Sunday, December 15, 2013

The VR goggle as a Sensory and Computing platform

While there is still a lot of work to do on display technologies and optics to get the best possible image in front of the eyes, the real promise of virtual reality goggles is to serve as a portable sensory and computing platform.

Goggles are becoming a platform for several reasons:

  • They are a physical platform. Once you securely position goggles on the head, you now have a physical base to attach additional sensors and peripherals: cameras, trackers, depth sensors and more.
  • Portable computing is becoming evermore powerful, thereby creating an incentive to process and analyze sensory data on the goggles as opposed to transmitting large amount of information to some computing base. Furthermore, a key part of the value of goggles is their portability, so the ability to process 'locally' - on the goggle - contributes to the realization of this value.
  • As goggles become increasingly immersive, the value of sensors increase as a way to tie the experience into physical objects in the immediate surroundings, as well as connect the actions and context of the user to what is happening 'inside' the display.
One could look at the following diagram - courtesy of Sensics - as a good illustration to what these sensors might be:

One could imaging several types of sensors as feeding into the goggle:
  • Orientation and position sensors - whether for the head, limbs or objects such as a gaming sword
  • Cameras that might provide visible, IR or depth map information
  • Positional sensors such as GPS or indoor location sensors
  • Eye tracking sensors to understand gaze direction and potentially provide user interface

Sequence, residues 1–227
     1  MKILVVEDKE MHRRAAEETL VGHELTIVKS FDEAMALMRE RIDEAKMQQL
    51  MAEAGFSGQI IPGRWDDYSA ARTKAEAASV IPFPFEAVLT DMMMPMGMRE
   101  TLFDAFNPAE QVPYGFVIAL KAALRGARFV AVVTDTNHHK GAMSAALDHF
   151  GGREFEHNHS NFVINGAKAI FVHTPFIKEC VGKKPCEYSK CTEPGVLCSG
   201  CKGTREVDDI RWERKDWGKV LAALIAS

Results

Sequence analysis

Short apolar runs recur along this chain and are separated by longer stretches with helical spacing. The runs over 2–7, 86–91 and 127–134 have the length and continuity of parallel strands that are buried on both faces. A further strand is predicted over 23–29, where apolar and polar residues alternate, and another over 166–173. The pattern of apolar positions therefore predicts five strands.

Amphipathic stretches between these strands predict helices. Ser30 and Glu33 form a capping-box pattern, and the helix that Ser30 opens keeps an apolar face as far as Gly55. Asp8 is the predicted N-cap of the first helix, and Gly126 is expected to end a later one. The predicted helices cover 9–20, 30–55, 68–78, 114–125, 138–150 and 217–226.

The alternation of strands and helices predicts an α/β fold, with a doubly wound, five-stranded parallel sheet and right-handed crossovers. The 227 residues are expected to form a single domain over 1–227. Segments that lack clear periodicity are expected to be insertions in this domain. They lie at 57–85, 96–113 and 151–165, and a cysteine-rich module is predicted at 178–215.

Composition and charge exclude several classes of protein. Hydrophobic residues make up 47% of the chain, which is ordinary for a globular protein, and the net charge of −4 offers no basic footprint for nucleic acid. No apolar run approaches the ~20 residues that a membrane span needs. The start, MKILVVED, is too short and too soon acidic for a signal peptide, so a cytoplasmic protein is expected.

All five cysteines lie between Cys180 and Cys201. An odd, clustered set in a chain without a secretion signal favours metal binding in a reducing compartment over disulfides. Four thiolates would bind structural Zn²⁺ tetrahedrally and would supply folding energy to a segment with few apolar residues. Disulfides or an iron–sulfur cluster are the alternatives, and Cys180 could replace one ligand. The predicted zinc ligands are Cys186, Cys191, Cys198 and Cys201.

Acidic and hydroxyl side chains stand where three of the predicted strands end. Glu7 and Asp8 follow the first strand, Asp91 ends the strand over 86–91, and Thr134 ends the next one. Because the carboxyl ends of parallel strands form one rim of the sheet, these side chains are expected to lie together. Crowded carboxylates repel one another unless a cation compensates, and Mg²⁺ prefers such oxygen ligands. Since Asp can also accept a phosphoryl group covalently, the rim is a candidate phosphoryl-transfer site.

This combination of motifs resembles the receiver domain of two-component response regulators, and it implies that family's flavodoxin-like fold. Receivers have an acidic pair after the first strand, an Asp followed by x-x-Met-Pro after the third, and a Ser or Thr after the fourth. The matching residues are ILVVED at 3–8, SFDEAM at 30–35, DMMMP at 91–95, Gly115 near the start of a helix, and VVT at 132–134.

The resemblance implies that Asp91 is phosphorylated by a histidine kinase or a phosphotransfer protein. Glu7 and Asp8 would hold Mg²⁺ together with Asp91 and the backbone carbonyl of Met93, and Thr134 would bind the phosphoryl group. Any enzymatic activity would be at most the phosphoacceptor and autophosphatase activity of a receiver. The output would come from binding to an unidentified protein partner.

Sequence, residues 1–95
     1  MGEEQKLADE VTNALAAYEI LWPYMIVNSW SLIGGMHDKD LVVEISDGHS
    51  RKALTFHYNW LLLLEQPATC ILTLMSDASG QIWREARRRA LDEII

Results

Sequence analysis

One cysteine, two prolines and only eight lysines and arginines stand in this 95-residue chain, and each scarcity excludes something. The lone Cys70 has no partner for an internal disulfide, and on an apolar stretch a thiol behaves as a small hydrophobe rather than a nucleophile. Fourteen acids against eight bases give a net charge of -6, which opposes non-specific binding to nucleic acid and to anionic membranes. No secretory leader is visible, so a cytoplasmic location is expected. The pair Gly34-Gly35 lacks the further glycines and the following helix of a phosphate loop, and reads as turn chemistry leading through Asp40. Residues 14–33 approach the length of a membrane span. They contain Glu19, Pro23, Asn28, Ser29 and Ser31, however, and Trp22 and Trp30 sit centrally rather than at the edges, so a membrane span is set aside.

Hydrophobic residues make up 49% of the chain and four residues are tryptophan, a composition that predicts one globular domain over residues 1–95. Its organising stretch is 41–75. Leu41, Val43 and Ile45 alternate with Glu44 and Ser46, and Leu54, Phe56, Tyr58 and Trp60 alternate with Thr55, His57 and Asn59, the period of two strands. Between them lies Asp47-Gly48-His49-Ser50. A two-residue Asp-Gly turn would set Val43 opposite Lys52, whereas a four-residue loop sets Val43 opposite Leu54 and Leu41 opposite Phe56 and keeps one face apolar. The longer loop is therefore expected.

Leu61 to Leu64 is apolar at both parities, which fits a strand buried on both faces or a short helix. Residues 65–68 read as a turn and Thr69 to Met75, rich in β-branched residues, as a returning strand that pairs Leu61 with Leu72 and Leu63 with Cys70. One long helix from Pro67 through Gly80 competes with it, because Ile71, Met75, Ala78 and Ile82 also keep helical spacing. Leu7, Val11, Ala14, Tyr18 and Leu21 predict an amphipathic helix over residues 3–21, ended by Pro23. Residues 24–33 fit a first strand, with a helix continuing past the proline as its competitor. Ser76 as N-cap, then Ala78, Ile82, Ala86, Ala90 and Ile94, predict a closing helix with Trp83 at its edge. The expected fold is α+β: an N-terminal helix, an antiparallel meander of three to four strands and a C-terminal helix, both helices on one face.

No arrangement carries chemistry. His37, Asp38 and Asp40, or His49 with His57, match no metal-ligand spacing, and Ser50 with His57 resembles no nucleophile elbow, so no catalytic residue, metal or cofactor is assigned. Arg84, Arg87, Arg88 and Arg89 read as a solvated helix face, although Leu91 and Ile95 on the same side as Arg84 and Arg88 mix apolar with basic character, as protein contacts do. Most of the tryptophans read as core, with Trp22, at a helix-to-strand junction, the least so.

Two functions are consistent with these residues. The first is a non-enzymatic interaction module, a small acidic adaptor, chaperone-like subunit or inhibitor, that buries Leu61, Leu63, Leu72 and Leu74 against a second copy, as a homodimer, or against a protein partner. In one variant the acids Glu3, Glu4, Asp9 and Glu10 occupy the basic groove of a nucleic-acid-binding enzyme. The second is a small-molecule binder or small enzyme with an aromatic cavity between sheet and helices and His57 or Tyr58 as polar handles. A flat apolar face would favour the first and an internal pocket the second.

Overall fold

• Biometric sensors such as heart rate, perspiration, blood pressure. An eye tracker can also provide pupil size which is another biometric input.
  • and more
One would then need to turn this sensor data into useful information. For instance, turn position and orientation of various body parts into understanding of gestures; turn a depth map into detection of nearby obstacles; detect faces and markers from a video image.

As we have discussed before, a virtual reality abstraction layer is going to speed up this process as it will allow those that turn data into information to relieve themselves from the need to worry about the particular formats and features of individual sensors and focus on a category of sensors.

There are several places where this transformation could happen: on the goggle with the help of an embedded processor (as shown in the above diagram); Near the goggle on a device such as a tablet or powerful smartphone; At a stationary device such as a desktop PC or gaming console. Performing this transformation in or near the goggle allows running the application software in or near the goggle, leading to a truly portable solution.

What is the best place to do so? As Nelson Mandela - and others - have said "Where you stand depends on where you sit". If you are a PC vendor that is married to everything happening on the PC, you shudder at the notion of the goggle being an independent computing platform. If you are a goggle vendor, you might find that this architecture opens up additional opportunities that do not exist when you are physically and logically tied to a stationary platform. If you are a vendor making phones or tablets, this might allow you to position the phone as a next-generation portable gaming platform.

So, beyond innovations in displays and optics, I think we will see lots of interesting sensors and sensor fusion applications in 2014.

What do you think? Let me know.

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